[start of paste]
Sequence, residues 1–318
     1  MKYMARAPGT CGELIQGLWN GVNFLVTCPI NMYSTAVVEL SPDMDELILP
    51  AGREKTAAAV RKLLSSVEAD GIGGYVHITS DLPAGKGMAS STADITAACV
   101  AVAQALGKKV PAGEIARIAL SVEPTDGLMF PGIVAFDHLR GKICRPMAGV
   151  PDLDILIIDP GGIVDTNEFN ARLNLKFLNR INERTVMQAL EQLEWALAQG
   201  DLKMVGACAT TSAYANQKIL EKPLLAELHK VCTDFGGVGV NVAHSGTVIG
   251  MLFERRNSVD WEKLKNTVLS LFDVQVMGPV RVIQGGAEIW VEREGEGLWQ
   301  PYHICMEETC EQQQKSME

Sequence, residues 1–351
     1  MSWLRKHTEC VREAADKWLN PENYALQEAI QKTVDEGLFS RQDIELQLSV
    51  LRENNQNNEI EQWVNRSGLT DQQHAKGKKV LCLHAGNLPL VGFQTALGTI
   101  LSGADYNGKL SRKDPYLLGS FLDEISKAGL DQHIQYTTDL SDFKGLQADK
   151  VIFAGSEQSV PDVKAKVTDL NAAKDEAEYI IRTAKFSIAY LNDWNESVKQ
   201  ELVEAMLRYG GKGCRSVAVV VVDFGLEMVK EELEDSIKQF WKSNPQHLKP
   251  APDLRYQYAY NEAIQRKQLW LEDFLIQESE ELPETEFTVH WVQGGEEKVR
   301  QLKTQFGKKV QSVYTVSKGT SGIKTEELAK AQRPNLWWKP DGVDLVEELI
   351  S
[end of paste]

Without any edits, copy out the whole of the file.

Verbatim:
Sequence, residues 1–318
     1  MKYMARAPGT CGELIQGLWN GVNFLVTCPI NMYSTAVVEL SPDMDELILP
    51  AGREKTAAAV RKLLSSVEAD GIGGYVHITS DLPAGKGMAS STADITAACV
   101  AVAQALGKKV PAGEIARIAL SVEPTDGLMF PGIVAFDHLR GKICRPMAGV
   151  PDLDILIIDP GGIVDTNEFN ARLNLKFLNR INERTVMQAL EQLEWALAQG
   201  DLKMVGACAT TSAYANQKIL EKPLLAELHK VCTDFGGVGV NVAHSGTVIG
   251  MLFERRNSVD WEKLKNTVLS LFDVQVMGPV RVIQGGAEIW VEREGEGLWQ
   301  PYHICMEETC EQQQKSME

Sequence, residues 1–351
     1  MSWLRKHTEC VREAADKWLN PENYALQEAI QKTVDEGLFS RQDIELQLSV
    51  LRENNQNNEI EQWVNRSGLT DQQHAKGKKV LCLHAGNLPL VGFQTALGTI
   101  LSGADYNGKL SRKDPYLLGS FLDEISKAGL DQHIQYTTDL SDFKGLQADK
   151  VIFAGSEQSV PDVKAKVTDL NAAKDEAEYI IRTAKFSIAY LNDWNESVKQ
   201  ELVEAMLRYG GKGCRSVAVV VVDFGLEMVK EELEDSIKQF WKSNPQHLKP
   251  APDLRYQYAY NEAIQRKQLW LEDFLIQESE ELPETEFTVH WVQGGEEKVR
   301  QLKTQFGKKV QSVYTVSKGT SGIKTEELAK AQRPNLWWKP DGVDLVEELI
   351  S